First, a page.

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How Long After Filing Bankruptcy Could I Qualify For A Mortgage Or A Car Loan?
We have helped people buy cars and homes immediately after filing, but the time for qualifying for a loan depends on each individual case. As a general rule, you need a pretty consistent work history and a credit score of around 640 to qualify for a mortgage these days. Depending on the economy, those qualifications can change month to month.
As for buying a car, we work with a couple of dealers who can help you through the loan process even though you have a bankruptcy on your credit report. These dealers can start working with you as soon as we file your case.
Will Having a Bankruptcy on My Record Affect Job Opportunities?
If you’re trying to get a job on Wall Street as a financial manager, probably. Otherwise, employers cannot discriminate against you because you filed bankruptcy. If a future employer runs a credit report, they will see that you filed bankruptcy on your report, but they will also see that you have no debt, which is a good thing.
What Happens If Someone Falls Behind in Payments After Filing a Chapter 13 Bankruptcy?
Chapter 13 is debt restructure, which can involve a lot of issues. If you have a mortgage, your Chapter 13 plan might catch up the past due payments but you continue making your month to month mortgage payments on your own. If you fall behind on your post-petition mortgage payments, the mortgage company can file what’s called a Motion for Relief in order to remove your home from the protection of the bankruptcy court and foreclose on it.
We generally work things out with the mortgage company to give you an opportunity to catch up on any payments that came past due after we filed your case. You are responsible for attorney’s fees and court costs for the mortgage company. If you fall behind on your Chapter 13 plan payments for your car, taxes or other collateral, the trustee may file what’s called a Motion to Dismiss your case for failure to maintain plan payments. Overall, the trustee wants you to succeed and make these payments and get your debt discharged, so they will generally work with us. In exchange, you have to get back on track and catch up on any missed payments.
What Debts Are Dischargeable in a Chapter 7 Bankruptcy?
Chapter 7 bankruptcy can potentially get rid of 95% of all of your debts: medical bills, credit cards, personal loans. If you’d like to keep secured loans on a house or car, you’re going to have to pay for those to keep the collateral and avoid having them discharged.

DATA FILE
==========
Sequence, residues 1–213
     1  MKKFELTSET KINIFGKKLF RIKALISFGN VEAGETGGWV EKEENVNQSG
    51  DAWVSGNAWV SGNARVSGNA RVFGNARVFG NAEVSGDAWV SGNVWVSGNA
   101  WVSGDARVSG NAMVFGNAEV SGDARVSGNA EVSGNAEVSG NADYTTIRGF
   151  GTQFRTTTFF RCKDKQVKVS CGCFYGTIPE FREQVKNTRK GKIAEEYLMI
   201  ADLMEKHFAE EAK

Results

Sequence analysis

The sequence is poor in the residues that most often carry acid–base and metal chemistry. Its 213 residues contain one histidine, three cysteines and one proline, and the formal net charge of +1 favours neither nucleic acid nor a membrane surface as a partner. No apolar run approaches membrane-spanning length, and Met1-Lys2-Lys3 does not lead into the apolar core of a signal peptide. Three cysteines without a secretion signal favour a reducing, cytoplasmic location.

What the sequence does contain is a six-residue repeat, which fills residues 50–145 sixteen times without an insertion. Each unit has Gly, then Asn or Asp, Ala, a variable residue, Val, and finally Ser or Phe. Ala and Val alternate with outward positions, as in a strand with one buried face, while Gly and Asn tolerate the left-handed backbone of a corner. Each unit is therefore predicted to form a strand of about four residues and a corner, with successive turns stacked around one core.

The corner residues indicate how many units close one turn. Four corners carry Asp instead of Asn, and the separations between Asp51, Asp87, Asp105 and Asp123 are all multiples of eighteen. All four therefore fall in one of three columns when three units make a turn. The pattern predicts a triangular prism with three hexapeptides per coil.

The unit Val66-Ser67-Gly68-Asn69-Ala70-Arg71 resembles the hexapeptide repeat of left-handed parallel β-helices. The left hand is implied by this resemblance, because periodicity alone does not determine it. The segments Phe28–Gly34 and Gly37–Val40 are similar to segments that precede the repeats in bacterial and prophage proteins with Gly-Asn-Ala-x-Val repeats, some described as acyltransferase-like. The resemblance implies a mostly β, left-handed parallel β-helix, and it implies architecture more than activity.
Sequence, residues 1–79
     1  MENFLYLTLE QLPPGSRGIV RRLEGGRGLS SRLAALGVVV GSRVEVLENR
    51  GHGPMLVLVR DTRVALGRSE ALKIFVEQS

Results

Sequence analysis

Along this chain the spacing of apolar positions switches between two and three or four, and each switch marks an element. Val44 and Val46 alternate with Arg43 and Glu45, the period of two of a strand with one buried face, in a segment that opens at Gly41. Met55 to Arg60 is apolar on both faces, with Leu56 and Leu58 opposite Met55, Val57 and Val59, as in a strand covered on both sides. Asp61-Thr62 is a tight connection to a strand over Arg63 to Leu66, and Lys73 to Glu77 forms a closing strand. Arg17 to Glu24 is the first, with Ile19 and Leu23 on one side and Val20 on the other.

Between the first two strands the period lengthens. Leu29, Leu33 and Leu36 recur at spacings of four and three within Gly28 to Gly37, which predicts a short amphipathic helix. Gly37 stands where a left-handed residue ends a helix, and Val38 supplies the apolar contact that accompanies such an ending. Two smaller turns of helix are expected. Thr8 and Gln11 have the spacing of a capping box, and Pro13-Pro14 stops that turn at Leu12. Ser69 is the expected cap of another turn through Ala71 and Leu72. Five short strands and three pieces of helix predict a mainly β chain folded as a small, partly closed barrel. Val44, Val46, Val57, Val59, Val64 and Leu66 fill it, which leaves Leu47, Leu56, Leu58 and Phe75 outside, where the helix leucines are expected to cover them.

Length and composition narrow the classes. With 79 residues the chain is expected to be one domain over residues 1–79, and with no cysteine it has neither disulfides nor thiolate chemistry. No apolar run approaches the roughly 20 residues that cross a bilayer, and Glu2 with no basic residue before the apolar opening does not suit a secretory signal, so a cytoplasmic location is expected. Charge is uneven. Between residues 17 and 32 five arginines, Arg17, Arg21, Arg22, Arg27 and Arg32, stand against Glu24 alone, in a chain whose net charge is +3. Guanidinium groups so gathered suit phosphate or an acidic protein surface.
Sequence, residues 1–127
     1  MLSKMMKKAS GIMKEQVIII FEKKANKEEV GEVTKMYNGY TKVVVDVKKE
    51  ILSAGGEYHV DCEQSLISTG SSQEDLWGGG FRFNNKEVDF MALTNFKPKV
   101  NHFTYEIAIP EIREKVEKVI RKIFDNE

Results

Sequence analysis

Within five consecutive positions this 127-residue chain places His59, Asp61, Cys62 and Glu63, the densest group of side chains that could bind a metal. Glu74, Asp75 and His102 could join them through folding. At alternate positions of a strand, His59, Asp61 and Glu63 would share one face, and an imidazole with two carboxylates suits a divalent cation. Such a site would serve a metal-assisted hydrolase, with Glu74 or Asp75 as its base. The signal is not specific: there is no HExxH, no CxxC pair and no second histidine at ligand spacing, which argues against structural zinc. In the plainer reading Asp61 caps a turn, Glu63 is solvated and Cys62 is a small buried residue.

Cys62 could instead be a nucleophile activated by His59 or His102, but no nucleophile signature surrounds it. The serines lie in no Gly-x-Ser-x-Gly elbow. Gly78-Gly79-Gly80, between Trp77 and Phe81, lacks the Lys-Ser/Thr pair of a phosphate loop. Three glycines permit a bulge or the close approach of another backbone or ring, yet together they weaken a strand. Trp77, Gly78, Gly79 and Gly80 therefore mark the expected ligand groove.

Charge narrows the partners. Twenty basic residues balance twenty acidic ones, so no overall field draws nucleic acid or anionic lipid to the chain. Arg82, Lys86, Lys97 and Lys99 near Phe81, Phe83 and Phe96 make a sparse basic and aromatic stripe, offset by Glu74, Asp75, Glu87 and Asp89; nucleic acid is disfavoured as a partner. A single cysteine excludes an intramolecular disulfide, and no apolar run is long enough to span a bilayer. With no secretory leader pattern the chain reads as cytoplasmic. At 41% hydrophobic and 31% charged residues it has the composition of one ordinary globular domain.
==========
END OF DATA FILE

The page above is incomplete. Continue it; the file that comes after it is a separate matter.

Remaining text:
Certain taxes are not dischargeable, including income taxes that were incurred three years prior to filing your bankruptcy. However, if taxes were timely filed and are older than three years, we can usually get rid of those. Child support and alimony are also not dischargeable. If you were in an accident because of a DUI and hurt somebody, those debts are not dischargeable either. Certain fraud, like embezzlement, may not be dischargeable in a bankruptcy.
Would the Court Ever Deny a Discharge in a Chapter 7 Bankruptcy?
We go through an exhaustive questionnaire with our clients and ask a lot of questions to ensure that your bankruptcy goes through with no problems. Our firm has not had a denial of a discharge in a Chapter 7 case since I started practicing in 1994.
Does the Debtor Have the Absolute Right to Discharge, or Can Creditors Object?
The debtor has the right to a fresh start, and that is always our goal. While the creditors do have the right to object to a discharge, we’ve already vetted your case to make sure that it’s going to go through. We’ve already identified any red flags the creditors might use to contest your discharge. If you ran up $5,000 on a credit card one month and filed bankruptcy the next month, a creditor could object to the dischargeability of that debt. But the debtor has the right to a fresh start—that's the purpose of the bankruptcy laws.
Can a Creditor Attempt to Collect a Discharged Debt After the Case Has Concluded?
If a creditor attempts to collect a debt that was discharged in a bankruptcy, you should contact your bankruptcy lawyer immediately because the creditor is violating the discharge order and can be held in contempt of court.
Can the Debtor Pay a Discharged Debt After the Bankruptcy Case Has Been Concluded?
Why would you do that? Typically, creditors are going to close those accounts, so they won’t allow you to pay on a closed account. If you have a local loan company, sometimes they’ll say, “Come on back. We’ll loan you $100 if you’ll reassume that debt that was discharged in your bankruptcy.” Don’t agree to that. The purpose of filing for bankruptcy was to get rid of bills, not go right back into debt. That’s a nasty trick, but people will fall for it when they’re desperate.
For more information on Bankruptcy in Georgia, an initial consultation is your next best step. Get the information and legal answers you are seeking by calling (706) 940-0594 today.